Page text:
Transversality is one of the most overused words in recent times. It is one of the most used in politics. Transversality or transversalism is an ideological trend that defends the refusal to identify their ideas with the classical political spectrum, based on the left-right distinction.On the other hand, transversalism can be applied to positions that declare other different political cleavages obsolete. But what do we mean by transversal cross materiality ’? I like to say that “looking crosswise is not looking sideways.” It is about learning from who we are next to, learning from other disciplines and working as a team, applying the talent of each person for the benefit of common objectives.

Looking crosswise has a lot to do with designing together, co-creating, co-designing … And if we talk about co-design, we are also talking about open innovation. Therefore, we will talk about multidisciplinary teams, with different training and knowledge, that unite around a common project. The talent of all of them lies mainly in how they look at the world.

Open innovation is a term coined by Professor Henry Chesbrough and defines a new innovation strategy, whereby companies go beyond their limits and develop cooperation with organizations and other professionals outside of it. That is, they stop looking at the navel to look at the neighbor’s navel. Traditionally, companies have managed innovation in a closed way (closed innovation or closed innovation), a system through which research projects were managed simply with the ‘know how’ and the means of the system itself.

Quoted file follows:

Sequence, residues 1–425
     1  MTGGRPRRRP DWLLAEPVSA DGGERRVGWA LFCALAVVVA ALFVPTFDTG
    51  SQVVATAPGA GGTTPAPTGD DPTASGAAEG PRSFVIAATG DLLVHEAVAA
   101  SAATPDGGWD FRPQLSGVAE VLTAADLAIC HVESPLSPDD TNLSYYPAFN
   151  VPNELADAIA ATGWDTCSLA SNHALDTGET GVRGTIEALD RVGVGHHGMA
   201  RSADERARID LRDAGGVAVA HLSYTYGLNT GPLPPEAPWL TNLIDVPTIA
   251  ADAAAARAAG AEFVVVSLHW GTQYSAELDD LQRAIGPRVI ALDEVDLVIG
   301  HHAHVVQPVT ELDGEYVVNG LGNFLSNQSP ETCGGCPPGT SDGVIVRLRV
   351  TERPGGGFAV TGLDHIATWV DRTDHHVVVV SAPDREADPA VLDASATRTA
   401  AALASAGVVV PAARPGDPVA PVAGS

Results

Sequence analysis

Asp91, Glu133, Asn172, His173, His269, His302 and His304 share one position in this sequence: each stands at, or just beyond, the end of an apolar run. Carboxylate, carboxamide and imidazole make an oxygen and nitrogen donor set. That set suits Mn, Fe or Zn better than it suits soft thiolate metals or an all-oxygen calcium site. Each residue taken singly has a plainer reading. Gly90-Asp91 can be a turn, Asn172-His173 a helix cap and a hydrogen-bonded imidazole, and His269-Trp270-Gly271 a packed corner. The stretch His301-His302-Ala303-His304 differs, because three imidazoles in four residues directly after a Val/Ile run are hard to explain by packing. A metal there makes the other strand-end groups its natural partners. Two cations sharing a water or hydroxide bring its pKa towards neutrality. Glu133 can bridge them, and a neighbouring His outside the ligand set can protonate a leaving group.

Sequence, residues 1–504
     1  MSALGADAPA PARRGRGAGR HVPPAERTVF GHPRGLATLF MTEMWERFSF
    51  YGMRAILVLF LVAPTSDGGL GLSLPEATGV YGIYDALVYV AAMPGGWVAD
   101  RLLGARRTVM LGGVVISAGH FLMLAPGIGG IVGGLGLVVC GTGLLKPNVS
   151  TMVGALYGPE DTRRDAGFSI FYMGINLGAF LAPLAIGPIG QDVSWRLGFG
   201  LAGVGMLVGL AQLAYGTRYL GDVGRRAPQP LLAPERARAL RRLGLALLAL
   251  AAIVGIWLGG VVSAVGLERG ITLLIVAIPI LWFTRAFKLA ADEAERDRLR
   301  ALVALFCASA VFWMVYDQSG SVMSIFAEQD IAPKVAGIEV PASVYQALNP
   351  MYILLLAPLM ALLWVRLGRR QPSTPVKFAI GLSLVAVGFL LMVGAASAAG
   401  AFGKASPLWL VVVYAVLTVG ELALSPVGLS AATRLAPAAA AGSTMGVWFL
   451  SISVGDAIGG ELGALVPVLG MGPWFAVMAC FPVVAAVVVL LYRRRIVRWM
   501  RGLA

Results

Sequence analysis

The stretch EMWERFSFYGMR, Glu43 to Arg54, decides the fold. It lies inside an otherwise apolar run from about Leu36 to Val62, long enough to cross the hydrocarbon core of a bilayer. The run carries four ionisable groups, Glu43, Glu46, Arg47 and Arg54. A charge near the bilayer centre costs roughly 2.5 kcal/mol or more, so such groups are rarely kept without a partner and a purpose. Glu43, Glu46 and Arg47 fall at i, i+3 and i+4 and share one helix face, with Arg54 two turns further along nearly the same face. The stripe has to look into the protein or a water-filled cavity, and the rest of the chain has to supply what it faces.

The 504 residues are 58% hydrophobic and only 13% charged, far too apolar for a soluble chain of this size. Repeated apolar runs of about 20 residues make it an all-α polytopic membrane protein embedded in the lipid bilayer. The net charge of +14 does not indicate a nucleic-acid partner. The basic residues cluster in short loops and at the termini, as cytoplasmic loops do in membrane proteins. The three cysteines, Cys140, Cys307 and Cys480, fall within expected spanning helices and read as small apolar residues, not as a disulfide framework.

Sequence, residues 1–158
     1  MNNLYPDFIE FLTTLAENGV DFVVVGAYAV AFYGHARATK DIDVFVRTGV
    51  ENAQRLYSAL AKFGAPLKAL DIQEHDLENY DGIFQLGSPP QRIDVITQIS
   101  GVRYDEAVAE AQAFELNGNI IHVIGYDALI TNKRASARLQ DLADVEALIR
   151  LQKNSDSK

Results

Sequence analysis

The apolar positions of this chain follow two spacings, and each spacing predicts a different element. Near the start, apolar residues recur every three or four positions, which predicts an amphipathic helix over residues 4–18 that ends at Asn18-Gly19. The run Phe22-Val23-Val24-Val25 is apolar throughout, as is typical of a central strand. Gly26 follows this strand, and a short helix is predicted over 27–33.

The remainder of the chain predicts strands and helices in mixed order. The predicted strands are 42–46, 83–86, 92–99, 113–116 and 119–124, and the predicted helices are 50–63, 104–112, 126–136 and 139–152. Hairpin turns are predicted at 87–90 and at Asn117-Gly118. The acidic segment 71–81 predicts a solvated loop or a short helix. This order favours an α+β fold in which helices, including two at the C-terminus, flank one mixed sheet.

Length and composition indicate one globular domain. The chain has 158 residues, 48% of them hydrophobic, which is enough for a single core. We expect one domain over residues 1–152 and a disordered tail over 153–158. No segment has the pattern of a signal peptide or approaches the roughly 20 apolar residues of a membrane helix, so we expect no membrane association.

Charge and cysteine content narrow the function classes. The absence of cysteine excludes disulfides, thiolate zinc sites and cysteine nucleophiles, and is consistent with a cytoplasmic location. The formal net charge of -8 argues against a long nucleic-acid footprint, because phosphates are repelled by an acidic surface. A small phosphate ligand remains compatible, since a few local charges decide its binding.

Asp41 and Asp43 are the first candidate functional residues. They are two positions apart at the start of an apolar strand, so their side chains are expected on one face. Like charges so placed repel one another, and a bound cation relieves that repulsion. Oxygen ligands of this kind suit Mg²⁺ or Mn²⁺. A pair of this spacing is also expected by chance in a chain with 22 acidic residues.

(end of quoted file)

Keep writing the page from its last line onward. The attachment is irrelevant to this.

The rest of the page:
Under this classic model, projects can only start inside the company and end in their own market. However, under the open innovation model, projects can originate both inside and outside the company. External talent can be incorporated both at the beginning of projects and in intermediate stages of the innovation process, and can reach the market through the same company or through other companies.

Talking about ‘open innovation’ also means talking about ‘design thinking’, always putting the project at the center, that is, the user and not the architect / designer, who together with the other disciplines involved, must be positioned as rotating satellites around it.

Architecture is a holistic discipline. In it, everything is or should be connected, and therefore a transversal view from various disciplines is necessary. But the transversal view can be applied through three axes.

 

1) Time. Analyze an object, space, or any other material through the historical step. In other words, it is necessary to be aware of the past, to design a better future from the present.